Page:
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Related Practices
Related Practices

EPA Seeks Two-Year Stay of Sixth Circuit’s Invalidation of NPDES Permit Exemption for Pesticide Applications; Will Not Pursue Further Appeals

Beveridge & Diamond, P.C., April 13, 2009

On April 8, 2009, the Environmental Protection Agency (EPA) announced that it would not petition for rehearing of a federal court’s decision that vacated the Agency’s final rule exempting many pesticide applications from the need to obtain a Clean Water Act permit.  See National Cotton Council v. EPA, Slip Op. No. 06-4630 (6th Cir. Jan. 7, 2009).  However, the EPA has asked the Court to stay its mandate for a two-year period to allow EPA and state permitting authorities sufficient time to develop an appropriate permitting program to address pesticide applications to, over, or near waters of the United States.  If the request is granted, water permits would not be required until expiration of the stay. 

In 2007, EPA issued a final rule which gave legal effect to the Agency’s long-standing policy of not requiring permits under the Clean Water Act’s National Pollutant Discharge Elimination System (NPDES) for many applications of pesticides to, over, or near waters of the United States.  Under the EPA’s interpretation of the Clean Water Act’s definitions of “pollutant” and “point source,” pesticide applications made in compliance with the Federal Insecticide, Fungicide, and Rodenticide Act (FIFRA), did not require NPDES permits even if the pesticide entered waters of the United States.  In a lawsuit challenging the legal validity of the final rule, the United States Court of Appeals for the Sixth Circuit on January 7, 2009, struck down the rule as contrary to the plain meaning of the Clean Water Act.  National Cotton Council, Slip Op. at 19.

Many stakeholder representatives urged EPA to petition the Court for a rehearing of its decision.  On March 6, USDA Secretary Vilsack wrote a letter to EPA Administrator Lisa Jackson asking EPA to consider the “significant adverse effect” of the Court’s decision on farmers and USDA’s own pest control activities.  EPA received similar requests from the Association of State and Interstate Water Pollution Control Administrators, ranking members of both House and Senate Agriculture Committees, and industry associations.  Nevertheless, EPA declined to seek rehearing, opting instead to seek a two-year stay of the mandate.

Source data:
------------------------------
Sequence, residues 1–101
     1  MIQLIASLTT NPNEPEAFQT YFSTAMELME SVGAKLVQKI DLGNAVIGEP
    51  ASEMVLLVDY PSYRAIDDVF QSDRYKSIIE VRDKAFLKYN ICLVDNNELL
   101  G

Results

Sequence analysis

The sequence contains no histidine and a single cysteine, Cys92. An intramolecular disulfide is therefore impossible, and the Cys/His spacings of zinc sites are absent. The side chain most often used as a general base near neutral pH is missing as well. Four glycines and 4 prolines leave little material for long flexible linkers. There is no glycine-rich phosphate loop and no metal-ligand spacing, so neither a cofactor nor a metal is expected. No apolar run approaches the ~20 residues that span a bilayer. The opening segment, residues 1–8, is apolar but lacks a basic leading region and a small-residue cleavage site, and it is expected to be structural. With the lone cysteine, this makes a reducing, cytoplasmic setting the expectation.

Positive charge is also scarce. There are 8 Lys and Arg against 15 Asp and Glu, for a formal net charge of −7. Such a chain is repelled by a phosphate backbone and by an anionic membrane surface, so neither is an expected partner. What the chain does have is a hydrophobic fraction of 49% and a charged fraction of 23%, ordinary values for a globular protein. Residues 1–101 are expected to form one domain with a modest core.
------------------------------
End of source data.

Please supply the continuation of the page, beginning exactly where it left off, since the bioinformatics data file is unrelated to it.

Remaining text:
EPA's decision not to pursue rehearing left private stakeholders on their own to appeal the Sixth Circuit’s decision, which they have done.  On the other hand, EPA’s request for a two-year stay does recognize the significant steps that must be taken before the Court’s decision can be properly implemented.  In its motion to the Court, EPA argues that the stay is necessary to “avoid significant disruption” to EPA, state permitting authorities, and the hundreds of thousands of persons and business who apply pesticides to, over, or near waters of the United States.  If the rule were vacated immediately, neither EPA nor state authorities would have the capability under existing regulatory programs to address the many pesticide applications suddenly requiring NPDES permits.  Rather than issue thousands of individual permits to each discharger, EPA has announced a preference for authorizing pesticide discharges through a general permit which can broadly address a large number of similarly situated dischargers.  EPA estimates that a period of two years is necessary to craft a general permit, a process which entails environmental analyses, public notice and comment, and state certifications.  Additionally, EPA argues that it needs that time to assist state permitting authorities in developing their own general permits. 

If the Court refuses to issue the stay, the mandate takes effect on April 16.  With no currently applicable general permits, and because EPA and state permit authorities lack the resources to handle thousands of new individual permit applications, denial of the stay would present many pesticide applicators with the difficult choice of either not applying needed pesticides or risking citizen suits and enforcement actions for discharging without a permit.  However, if the Court grants the stay, the Court’s mandate will not take effect until April 9, 2011, or another date set by the Court, at which time EPA and states could have general permits in place to regulate pesticide applications to, over, or near waters of the United States. 

For further information about the Sixth Circuit’s opinion and its implications, please contact Richard Davis (, (202) 789-6025), Kathy Szmuszkovicz (, (202) 789-6037), Karen Hansen (, (202) 789-6056), or Mike Neilson (, (202) 789-6061).  This alert was prepared with the assistance of Graham St. Michel.